2. Net Cash Provided by Government – INFC operates within the Consolidated Revenue Fund (CRF), which is administered by the Receiver General for Canada. All cash received by INFC is deposited to the CRF and all cash disbursements made by INFC are paid from the CRF. The net cash provided by Government is the difference between all cash receipts and all cash disbursements including transactions between departments of the federal government.
  3. Change in net positionin the Consolidated Revenue Fund is the difference between the net cash provided by Government and appropriations used in a year, excluding the amount of non respendable revenue recorded by the department. It results from timing differences between when a transaction affects appropriations and when it is processed through the CRF.
  4. Expenses – Expenses are recorded on the accrual basis:
    1. contributions are recognized in the year in which the recipient has met the eligibility criteria or fulfilled the terms of a contractual transfer agreement;
    2. vacation pay and compensatory leave are expensed as the benefits accrue to employees under their respective terms of employment;
    3. services provided without charge by other government departments for accommodation and the employer's contribution to the health and dental insurance plans are recorded as operating expenses at their estimated cost.
  5. Employee future benefits:
    1. Pension benefits: Eligible employees participate in the Public Service Pension Plan (Public Service Superannuation Act), a multi-employer plan administered by the Government of Canada. INFC's contributions to the Plan are charged to expenses in the year incurred and represent the total departmental obligation to the Plan. Current legislation does not require INFC to make contributions for any actuarial deficiencies of the Plan.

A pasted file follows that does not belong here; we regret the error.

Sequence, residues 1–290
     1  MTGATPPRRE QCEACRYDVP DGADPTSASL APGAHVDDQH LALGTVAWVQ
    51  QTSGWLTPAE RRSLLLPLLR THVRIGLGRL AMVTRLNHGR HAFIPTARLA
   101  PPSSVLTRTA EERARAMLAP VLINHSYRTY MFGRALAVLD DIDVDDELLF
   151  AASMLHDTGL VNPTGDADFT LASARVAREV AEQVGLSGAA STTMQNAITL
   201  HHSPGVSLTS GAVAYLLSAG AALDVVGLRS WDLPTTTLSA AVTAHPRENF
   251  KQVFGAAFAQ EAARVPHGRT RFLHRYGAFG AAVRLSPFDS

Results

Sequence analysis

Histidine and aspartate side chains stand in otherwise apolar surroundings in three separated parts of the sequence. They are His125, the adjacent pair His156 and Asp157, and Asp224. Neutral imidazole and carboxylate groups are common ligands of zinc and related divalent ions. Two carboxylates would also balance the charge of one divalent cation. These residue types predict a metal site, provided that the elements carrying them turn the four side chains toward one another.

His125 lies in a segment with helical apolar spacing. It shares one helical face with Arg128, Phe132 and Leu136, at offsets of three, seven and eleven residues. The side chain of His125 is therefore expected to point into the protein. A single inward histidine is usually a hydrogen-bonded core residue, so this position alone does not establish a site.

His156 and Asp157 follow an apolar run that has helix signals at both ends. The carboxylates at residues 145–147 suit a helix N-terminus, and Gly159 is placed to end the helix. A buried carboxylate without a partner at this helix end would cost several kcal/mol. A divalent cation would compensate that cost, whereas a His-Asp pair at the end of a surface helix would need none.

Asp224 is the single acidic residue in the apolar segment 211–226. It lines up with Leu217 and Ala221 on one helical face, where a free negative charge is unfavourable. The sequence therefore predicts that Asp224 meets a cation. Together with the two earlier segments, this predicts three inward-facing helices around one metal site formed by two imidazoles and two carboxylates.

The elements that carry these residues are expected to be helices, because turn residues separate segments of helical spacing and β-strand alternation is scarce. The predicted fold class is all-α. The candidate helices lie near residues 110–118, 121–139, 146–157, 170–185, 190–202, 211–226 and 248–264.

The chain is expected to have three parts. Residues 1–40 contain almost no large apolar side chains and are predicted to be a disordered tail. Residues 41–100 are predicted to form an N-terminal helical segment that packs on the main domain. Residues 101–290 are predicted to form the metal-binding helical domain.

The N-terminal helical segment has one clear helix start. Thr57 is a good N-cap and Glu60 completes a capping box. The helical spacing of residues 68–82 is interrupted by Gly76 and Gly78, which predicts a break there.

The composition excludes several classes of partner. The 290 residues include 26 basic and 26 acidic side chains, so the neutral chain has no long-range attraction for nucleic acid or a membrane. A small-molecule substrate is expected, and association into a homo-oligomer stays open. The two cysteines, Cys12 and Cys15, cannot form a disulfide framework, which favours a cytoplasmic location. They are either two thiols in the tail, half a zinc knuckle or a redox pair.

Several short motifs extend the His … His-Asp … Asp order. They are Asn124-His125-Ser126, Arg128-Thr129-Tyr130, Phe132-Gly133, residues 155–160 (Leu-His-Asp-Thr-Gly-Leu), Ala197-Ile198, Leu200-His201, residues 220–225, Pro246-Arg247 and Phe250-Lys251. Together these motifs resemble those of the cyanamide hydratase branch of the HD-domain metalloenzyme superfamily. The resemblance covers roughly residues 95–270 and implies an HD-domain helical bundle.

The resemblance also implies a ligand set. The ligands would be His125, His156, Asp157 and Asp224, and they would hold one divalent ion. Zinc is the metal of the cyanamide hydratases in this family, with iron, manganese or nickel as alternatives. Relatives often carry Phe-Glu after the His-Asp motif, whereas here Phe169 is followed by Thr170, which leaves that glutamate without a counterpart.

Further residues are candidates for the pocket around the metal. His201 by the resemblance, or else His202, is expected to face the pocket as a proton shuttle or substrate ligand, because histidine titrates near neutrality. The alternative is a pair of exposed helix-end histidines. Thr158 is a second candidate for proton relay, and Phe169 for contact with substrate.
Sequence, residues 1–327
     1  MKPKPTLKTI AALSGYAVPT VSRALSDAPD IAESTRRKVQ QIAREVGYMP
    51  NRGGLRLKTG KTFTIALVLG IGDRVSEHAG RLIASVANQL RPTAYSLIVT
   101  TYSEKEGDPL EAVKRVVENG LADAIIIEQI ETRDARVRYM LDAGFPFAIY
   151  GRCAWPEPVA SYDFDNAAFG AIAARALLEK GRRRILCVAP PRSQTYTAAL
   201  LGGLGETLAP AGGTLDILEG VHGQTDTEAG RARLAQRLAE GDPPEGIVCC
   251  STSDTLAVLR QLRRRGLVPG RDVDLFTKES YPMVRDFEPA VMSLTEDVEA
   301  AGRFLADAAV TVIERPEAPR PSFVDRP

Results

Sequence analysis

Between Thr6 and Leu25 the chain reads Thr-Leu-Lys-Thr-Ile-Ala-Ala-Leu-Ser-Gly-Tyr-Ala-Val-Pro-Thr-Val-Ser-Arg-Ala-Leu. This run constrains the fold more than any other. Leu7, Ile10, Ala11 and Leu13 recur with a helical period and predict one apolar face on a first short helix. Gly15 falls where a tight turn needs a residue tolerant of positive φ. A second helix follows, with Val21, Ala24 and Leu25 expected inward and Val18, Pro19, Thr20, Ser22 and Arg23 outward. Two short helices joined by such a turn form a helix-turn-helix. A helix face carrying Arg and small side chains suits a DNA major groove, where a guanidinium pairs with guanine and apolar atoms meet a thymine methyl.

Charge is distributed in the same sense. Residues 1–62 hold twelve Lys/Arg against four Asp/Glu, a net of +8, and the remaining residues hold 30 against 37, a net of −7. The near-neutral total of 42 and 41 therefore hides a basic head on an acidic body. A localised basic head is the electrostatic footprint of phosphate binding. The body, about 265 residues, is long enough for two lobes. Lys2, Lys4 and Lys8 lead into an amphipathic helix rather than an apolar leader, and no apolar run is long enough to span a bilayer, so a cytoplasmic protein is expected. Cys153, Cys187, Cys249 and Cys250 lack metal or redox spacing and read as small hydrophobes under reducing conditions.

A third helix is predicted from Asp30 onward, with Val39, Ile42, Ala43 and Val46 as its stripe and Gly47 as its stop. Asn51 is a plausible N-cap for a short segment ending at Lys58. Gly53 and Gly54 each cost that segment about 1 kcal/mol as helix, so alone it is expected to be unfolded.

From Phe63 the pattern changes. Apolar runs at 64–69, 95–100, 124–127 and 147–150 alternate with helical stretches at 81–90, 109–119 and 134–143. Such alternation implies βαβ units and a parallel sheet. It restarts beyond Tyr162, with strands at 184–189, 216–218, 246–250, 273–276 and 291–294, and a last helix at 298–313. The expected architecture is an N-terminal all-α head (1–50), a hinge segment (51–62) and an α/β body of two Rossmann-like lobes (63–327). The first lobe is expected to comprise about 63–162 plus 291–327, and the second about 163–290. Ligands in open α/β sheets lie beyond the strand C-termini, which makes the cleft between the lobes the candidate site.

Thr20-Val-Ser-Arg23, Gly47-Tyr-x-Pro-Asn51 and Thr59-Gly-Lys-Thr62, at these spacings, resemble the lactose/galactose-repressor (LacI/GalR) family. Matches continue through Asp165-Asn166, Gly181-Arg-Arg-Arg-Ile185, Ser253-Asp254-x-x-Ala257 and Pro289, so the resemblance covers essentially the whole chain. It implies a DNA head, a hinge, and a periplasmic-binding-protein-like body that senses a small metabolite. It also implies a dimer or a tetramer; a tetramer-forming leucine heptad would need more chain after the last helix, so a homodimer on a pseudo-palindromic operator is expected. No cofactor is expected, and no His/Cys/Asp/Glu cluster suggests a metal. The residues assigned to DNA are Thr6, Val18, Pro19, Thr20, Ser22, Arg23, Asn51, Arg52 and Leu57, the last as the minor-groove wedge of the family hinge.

2. Severance benefits: Employees are entitled to severance benefits under labour contracts or conditions of employment. These benefits are accrued as employees render the services necessary to earn them. The obligation relating to the benefits earned by employees is calculated using information derived from the results of the actuarially determined liability for employee severance benefits for the Government as a whole.
  6. Accounts receivables and advances are stated at amounts expected to be ultimately realized; a provision is made for receivables where recovery is considered uncertain.
  7. Tangible capital assets – All tangible capital assets and leasehold improvements having an initial cost of $10,000 or more are recorded at their acquisition cost. INFC does not capitalize intangibles, works of art and historical treasures that have cultural, aesthetic or historical value, assets located on Indian Reserves and museum collections. Amortization of tangible capital assets is done on a straight-line basis over the estimated useful life of the asset as follows:
    Asset class Amortization period
    Informatics Hardware 5 to 10 years
    Informatics Software - Purchased 3 years
    Informatics Software – Developed 7 years
    Leasehold improvements period of lease
  8. Measurement uncertainty – The preparation of these financial statements in accordance with Treasury Board accounting policies which are consistent with Canadian generally accepted accounting principles for the public sector, requires management to make estimates and assumptions that affect the reported amounts of assets, liabilities, revenues and expenses reported in the financial statements. At the time of preparation of these statements, management believes the estimates and assumptions to be reasonable. The most significant items where estimates are used are the liability for employee severance benefits and the useful life of tangible capital assets. Actual results could significantly differ from those estimated. Management's estimates are reviewed periodically and, as adjustments become necessary, they are recorded in the financial statements in the year they become known.